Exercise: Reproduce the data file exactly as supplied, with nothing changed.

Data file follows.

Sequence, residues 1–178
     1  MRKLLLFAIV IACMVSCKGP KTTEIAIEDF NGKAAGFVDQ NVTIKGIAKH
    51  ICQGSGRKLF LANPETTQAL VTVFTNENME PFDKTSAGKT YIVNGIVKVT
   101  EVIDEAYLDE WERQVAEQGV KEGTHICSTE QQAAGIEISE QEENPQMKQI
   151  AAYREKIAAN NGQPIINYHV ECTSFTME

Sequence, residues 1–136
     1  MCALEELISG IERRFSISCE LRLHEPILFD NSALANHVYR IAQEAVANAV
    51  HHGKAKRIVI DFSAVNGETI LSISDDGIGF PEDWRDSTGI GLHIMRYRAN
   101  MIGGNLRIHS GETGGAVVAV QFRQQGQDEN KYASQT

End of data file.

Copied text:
Sequence, residues 1–178
     1  MRKLLLFAIV IACMVSCKGP KTTEIAIEDF NGKAAGFVDQ NVTIKGIAKH
    51  ICQGSGRKLF LANPETTQAL VTVFTNENME PFDKTSAGKT YIVNGIVKVT
   101  EVIDEAYLDE WERQVAEQGV KEGTHICSTE QQAAGIEISE QEENPQMKQI
   151  AAYREKIAAN NGQPIINYHV ECTSFTME

Sequence, residues 1–136
     1  MCALEELISG IERRFSISCE LRLHEPILFD NSALANHVYR IAQEAVANAV
    51  HHGKAKRIVI DFSAVNGETI LSISDDGIGF PEDWRDSTGI GLHIMRYRAN
   101  MIGGNLRIHS GETGGAVVAV QFRQQGQDEN KYASQT